33. How can you handle errors in JavaScript?

Errors in JavaScript can be handled using try-catch-finally blocks. The try block contains the code segment which might throw an error, the catch block will execute when an error is thrown, and the finally block will execute regardless of an error being thrown or not.

34. What is the difference between ‘forEach’ and ‘map’ methods in JavaScript?

Both ‘forEach’ and ‘map’ are methods used to iterate over the elements of an array. The main difference between them is that ‘forEach’ doesn’t return a value, while ‘map’ creates a new array with the results of calling a provided function on every element in the calling array.

35. What is the ‘Global Object’ in JavaScript?

The Global Object in JavaScript refers to the window object in a browser environment and to the global object in a Node.js environment. All global variables belong to the global object.

36. What is a ‘Singleton’ in JavaScript?

A Singleton is an object which can only be instantiated once. A singleton pattern restricts the instantiation of a class to a single instance and provides a global point of access to it.

37. Explain the ‘slice’ and ‘splice’ methods in JavaScript.

‘Slice’ and ‘splice’ are array methods in JavaScript. ‘Slice’ is used to copy a portion of an array into a new array, without modifying the original array. On the other hand, ‘splice’ is used to add/remove items to/from an array, and returns the removed item(s).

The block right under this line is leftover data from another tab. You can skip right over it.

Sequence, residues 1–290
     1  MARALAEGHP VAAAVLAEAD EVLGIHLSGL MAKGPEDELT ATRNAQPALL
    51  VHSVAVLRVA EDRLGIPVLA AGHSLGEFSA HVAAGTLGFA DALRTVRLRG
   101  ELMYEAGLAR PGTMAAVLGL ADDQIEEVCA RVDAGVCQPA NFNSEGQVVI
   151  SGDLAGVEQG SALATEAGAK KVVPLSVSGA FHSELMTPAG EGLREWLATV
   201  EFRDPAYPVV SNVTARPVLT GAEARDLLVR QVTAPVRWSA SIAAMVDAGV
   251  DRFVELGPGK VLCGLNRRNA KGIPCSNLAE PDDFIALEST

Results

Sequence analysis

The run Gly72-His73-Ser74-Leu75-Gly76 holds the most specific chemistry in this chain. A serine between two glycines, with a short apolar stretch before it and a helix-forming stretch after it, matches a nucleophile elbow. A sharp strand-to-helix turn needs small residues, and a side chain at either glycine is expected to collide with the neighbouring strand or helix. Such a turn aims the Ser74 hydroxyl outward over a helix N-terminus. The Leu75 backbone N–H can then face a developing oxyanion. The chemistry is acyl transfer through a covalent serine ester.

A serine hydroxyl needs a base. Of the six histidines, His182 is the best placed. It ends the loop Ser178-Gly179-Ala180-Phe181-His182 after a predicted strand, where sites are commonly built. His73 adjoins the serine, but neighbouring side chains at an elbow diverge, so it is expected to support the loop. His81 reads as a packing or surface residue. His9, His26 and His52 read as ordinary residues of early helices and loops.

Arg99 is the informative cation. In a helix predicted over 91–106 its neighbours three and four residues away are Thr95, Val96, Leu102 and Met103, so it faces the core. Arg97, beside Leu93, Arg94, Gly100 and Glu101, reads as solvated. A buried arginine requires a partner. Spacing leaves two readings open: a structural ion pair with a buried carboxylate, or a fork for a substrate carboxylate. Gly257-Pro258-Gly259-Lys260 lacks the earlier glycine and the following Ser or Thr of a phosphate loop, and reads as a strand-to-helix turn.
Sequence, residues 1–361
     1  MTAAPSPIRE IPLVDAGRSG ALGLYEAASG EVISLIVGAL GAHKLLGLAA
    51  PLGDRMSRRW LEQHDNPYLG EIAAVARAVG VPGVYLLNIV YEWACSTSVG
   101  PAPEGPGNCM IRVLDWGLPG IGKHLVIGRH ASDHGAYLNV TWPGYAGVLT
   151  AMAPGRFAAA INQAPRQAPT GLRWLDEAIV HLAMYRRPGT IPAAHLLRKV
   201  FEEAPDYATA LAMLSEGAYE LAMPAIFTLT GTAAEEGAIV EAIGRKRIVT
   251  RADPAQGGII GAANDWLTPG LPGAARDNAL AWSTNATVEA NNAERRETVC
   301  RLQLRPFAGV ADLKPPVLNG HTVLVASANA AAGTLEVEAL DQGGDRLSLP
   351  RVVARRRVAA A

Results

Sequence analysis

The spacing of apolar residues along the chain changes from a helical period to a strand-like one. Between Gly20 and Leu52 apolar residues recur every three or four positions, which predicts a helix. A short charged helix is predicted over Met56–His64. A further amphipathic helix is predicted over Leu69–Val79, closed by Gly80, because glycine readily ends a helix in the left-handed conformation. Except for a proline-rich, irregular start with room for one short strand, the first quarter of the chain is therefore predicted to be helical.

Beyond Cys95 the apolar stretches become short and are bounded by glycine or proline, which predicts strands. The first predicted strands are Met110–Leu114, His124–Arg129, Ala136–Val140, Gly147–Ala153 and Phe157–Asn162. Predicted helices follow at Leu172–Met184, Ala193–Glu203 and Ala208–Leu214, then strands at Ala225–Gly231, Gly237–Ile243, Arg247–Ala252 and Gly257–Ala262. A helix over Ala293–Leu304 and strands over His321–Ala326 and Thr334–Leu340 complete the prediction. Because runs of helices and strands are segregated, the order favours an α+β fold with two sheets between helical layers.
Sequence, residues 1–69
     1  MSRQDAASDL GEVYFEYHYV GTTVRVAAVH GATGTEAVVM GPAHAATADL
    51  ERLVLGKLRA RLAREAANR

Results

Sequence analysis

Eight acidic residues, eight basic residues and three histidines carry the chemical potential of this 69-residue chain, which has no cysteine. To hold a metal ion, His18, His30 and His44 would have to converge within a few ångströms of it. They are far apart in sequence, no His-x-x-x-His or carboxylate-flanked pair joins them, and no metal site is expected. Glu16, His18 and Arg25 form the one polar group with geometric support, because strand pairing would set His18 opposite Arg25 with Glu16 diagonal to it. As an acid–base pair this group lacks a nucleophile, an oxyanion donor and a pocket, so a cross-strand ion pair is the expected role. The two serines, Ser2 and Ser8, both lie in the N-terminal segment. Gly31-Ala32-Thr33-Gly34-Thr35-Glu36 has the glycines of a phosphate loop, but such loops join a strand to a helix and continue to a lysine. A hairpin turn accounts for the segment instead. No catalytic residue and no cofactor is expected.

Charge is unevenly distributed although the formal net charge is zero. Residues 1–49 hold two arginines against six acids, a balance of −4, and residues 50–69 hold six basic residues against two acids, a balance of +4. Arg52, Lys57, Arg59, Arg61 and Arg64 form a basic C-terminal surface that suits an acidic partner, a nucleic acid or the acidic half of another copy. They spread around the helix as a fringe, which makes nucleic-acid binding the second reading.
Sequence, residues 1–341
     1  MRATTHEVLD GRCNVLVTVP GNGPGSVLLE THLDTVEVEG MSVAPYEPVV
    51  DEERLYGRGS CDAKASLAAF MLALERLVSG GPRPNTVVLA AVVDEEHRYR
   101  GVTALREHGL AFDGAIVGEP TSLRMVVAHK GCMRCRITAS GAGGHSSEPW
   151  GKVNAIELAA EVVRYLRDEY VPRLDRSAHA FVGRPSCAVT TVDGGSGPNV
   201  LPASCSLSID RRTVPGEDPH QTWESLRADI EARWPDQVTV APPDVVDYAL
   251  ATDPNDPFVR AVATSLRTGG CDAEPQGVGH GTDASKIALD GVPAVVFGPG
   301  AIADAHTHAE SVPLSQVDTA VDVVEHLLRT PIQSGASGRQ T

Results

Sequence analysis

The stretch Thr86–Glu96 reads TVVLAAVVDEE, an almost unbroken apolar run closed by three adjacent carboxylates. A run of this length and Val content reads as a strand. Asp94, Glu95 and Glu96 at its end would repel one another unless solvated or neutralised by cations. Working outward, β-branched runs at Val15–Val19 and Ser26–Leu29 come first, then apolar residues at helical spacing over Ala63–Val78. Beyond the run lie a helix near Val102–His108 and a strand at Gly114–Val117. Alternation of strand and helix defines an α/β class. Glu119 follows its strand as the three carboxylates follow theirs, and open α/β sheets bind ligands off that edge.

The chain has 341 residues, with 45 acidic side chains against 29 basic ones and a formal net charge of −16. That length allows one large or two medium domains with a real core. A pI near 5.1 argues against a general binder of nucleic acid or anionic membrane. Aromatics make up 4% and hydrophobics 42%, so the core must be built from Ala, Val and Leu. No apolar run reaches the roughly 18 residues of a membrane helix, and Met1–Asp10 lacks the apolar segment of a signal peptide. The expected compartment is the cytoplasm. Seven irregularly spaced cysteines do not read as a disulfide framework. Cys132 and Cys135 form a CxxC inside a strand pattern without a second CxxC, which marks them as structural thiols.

38. What is ‘Web Storage’ in JavaScript?

Web Storage, also known as HTML5 Storage, Local Storage or DOM Storage, offers a way for web applications and pages to store data persistently in the browser’s memory. It’s more secure, and large amounts of data can be stored locally, without affecting website performance.

39. What is an ‘Observer’ in JavaScript?

An ‘Observer’ is part of the observer design pattern. It’s a design pattern in which an object (known as the subject) maintains a list of objects depending on it (observers), automatically notifying them of any changes in state.

40. What is the importance of JavaScript hoisting?

Hoisting is JavaScript’s default behavior of moving all declarations to the top of the current scope (to the top of the current script or the current function). It’s important because it allows us to invoke a function before it has been declared in the code.

41. How does ‘this’ keyword work in JavaScript?

The JavaScript ‘this’ keyword refers to the object it belongs to. It has different values depending on where it is used. In a method, ‘this’ refers to the owner object. Alone, ‘this’ refers to the global object. In a function, ‘this’ refers to the global object. In an event, ‘this’ refers to the element that received the event.

42. What is ‘type coercion’ in JavaScript?

Type coercion is the automatic or implicit conversion of values from one data type to another (such as string to a number). JavaScript is a dynamically typed language. That means you don’t have to specify what type of information will be stored in a variable.

43. Can you explain the ‘rest parameter’ in JavaScript?